In late December 1831, at the age of just 22, Charles Darwin set out on a voyage aboard HMS Beagle as the ship’s naturalist to collect specimens of flora and fauna from around the continent of South America.
After spending over 3 years in South America, HMS Beagle sailed to the Galapagos Islands arriving on the 15th September 1835, where the research Darwin carried out helped him confirm his theory of evolution that was published in On the Origin of Species in 1859.
The crew spent 5 weeks on the islands and in that time Darwin studied the Galapagos’ geology, which he was especially interested in, as well as some of its unique inhabitants including the giant tortoises the islands are famed for.
He was also interested in the mockingbirds of the islands and was surprised to note that they differed from island to island but didn’t take much notice of what he thought were blackbirds, having little knowledge of ornithology.
When he returned to England, Darwin presented the finches, along with other mammal and bird specimens, to the Geological Society of London. The birds were given to John Gould, a renowned ornithologist, for identification, who reported that the birds weren’t blackbirds, but 12 distinct species of finches. A further report by Gould confirmed that the different mockingbirds were also separate species.
The Galapagos finches were nearly identical in many ways to each other as well as to the South American mainland birds. However, they showed wide variations in their size, claws and, in particular, their beaks.
In his book The Voyage of the Beagle, published in 1839, Darwin described in great detail the differences in the finches’ beaks.
“The most curious fact is the perfect gradation in the size of the beaks in the different species of Geospiza, from one as large as that of a hawfinch to that of a chaffinch, and (if Mr. Gould is right in including his sub-group, Certhidea, in the main group) even to that of a warbler …
“Seeing this gradation and diversity of structure in one small, intimately related group of birds, one might really fancy that from an original paucity of birds in this archipelago, one species had been taken and modified for different ends. In a like manner it might be fancied that a bird originally a buzzard, had been induced here to undertake the office of the carrion-feeding Polybori of the American continent.”
Darwin concluded that the shape and size of the finches’ beaks had adapted depending on the local food source and that because the islands were so far from the mainland the finches that had arrived there in the past had evolved over time.
So warbler finches have thin sharp beaks to spear insects, whereas ground finches crack open seeds with much bigger, stronger and blunter beaks.
Darwin also discussed the difference between the birds of the Galapagos in On the Origin of Species:
“The naturalist, looking at the inhabitants of these volcanic islands in the Pacific, distant several hundred miles from the continent, yet feels that he is standing on American land. Why should this be so? Why should the species which are supposed to have been created in the Galapagos Archipelago, and nowhere else, bear so plain a stamp of affinity to those created in America?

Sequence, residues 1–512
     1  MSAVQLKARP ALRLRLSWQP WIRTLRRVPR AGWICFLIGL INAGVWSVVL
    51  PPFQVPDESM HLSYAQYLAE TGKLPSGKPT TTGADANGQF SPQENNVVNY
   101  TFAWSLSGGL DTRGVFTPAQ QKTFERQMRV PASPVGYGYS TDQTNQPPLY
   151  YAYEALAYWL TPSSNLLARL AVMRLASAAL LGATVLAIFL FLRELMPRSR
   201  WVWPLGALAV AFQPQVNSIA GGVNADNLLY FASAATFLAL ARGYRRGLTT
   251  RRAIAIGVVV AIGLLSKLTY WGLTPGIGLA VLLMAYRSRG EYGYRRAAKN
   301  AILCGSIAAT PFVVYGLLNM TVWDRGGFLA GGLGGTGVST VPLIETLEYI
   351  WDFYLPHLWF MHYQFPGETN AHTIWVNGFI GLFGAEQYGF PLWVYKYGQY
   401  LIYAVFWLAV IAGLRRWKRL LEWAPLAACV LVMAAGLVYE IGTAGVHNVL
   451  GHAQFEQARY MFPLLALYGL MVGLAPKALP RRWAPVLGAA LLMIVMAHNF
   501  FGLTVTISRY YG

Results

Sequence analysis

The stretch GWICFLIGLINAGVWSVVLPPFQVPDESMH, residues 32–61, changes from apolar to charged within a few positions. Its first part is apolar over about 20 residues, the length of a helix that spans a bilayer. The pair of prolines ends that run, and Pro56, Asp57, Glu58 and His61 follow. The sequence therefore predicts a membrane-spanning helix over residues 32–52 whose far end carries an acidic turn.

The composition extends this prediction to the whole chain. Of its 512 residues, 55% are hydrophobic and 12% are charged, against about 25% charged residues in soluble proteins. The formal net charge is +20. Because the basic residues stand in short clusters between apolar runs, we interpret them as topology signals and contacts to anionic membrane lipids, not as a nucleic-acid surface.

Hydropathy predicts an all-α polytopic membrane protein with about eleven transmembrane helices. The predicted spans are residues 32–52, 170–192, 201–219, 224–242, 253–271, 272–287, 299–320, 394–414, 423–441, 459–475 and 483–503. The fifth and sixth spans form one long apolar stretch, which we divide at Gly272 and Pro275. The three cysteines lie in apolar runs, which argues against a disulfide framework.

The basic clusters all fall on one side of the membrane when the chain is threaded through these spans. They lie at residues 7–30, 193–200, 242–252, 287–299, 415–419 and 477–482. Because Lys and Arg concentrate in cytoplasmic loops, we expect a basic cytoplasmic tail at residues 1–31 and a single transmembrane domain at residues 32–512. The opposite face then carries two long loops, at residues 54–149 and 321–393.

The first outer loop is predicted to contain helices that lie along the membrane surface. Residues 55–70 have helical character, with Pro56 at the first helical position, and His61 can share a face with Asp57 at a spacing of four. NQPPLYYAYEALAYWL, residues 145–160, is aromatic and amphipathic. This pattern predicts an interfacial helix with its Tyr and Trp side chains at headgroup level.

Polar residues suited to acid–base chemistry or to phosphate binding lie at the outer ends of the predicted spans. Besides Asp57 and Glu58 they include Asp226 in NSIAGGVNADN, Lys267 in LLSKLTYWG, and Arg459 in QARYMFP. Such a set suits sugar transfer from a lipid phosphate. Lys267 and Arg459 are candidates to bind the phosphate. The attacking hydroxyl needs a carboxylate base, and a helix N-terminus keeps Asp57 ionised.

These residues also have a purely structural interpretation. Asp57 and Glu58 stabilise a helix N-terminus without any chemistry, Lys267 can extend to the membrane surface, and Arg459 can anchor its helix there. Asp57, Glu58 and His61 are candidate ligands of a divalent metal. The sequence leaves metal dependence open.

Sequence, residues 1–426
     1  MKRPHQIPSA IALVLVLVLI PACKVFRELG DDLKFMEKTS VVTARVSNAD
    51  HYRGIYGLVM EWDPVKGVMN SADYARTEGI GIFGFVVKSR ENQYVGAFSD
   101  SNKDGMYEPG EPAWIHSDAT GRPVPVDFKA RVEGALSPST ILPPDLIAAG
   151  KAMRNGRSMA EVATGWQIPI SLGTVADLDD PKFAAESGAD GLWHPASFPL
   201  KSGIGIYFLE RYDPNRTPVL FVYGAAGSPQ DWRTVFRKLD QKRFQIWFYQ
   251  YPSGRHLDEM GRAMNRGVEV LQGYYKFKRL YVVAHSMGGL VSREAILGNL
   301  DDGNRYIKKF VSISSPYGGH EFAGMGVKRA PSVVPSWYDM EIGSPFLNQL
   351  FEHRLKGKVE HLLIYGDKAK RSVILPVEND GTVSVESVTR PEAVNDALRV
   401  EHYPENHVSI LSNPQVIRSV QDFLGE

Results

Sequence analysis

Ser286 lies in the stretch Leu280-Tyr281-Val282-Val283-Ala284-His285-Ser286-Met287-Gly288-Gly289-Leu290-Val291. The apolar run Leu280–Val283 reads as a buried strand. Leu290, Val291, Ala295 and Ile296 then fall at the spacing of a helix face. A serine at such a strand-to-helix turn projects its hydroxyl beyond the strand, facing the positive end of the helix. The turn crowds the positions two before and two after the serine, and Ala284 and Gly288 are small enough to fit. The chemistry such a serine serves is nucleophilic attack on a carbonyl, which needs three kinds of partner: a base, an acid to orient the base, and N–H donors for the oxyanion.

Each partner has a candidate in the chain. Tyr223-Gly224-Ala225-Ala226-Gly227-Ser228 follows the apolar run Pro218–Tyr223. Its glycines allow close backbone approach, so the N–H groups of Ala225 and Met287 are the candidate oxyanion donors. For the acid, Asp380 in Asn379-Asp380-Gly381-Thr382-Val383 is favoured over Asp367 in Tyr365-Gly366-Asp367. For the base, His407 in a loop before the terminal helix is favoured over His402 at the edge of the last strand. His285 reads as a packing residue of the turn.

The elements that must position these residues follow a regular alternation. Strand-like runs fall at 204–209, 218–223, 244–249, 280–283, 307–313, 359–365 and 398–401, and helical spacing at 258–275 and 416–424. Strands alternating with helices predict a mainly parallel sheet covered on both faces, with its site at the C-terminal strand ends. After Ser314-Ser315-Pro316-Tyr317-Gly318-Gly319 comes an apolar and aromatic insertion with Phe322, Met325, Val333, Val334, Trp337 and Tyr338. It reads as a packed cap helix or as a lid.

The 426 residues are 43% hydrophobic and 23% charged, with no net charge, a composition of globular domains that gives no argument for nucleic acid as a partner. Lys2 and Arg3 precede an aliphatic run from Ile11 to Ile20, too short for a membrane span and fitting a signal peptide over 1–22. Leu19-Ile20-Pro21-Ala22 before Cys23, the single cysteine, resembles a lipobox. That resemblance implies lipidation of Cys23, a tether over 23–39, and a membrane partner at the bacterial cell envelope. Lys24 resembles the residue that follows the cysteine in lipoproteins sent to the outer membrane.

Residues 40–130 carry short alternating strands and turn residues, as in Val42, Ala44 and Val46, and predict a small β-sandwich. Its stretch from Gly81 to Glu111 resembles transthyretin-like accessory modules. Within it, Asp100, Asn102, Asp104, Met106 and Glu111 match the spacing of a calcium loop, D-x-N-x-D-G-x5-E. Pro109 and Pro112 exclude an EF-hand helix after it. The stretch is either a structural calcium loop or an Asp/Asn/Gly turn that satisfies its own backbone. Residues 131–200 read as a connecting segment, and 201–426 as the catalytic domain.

“There is nothing in the conditions of life, in the geological nature of the islands, in their height or climate, or in the proportions in which the several classes are associated together, which resembles closely the conditions of the South American coast: in fact there is a considerable dissimilarity in all these respects. On the other hand, there is a considerable degree of resemblance in the volcanic nature of the soil, in climate, height, and size of the islands, between the Galapagos and Cape de Verde Archipelagos: but what an entire and absolute difference in their inhabitants!
“The inhabitants of the Cape de Verde Islands are related to those of Africa, like those of the Galapagos to America. I believe this grand fact can receive no sort of explanation on the ordinary view of independent creation; whereas on the view here maintained, it is obvious that the Galapagos Islands would be likely to receive colonists, whether by occasional means of transport or by formerly continuous land, from America; and the Cape de Verde Islands from Africa; and that such colonists would be liable to modification; —the principle of inheritance still betraying their original birthplace.”
Since Darwin’s initial findings many studies have been carried out on the Galapagos finches.
In the 1970s Rosemary and Peter Grant, a British husband and wife team of evolutionary biologists at Princeton University, began spending 6 months each year taking meticulous measurements of Darwin’s finches to observe evolution in action.
The Grants found tiny changes in the shapes and sizes of the finches that correlated with variations in food supply and climate, driven by natural selection and in 2009 they spotted what could be the beginning of a new species of ground finch. After a severe drought, the new type of finch isolated itself from all other species of finches and began breeding only with itself. Whereas Darwin though that it would take a considerable length of time for a new species to appear these findings appear to show that evolutional changes could take place over a much shorter period.
In 2015 researchers completed sequencing the genomes of all 15 species of Darwin’s finches and revealed the key gene responsible for the differences in the birds’ beaks.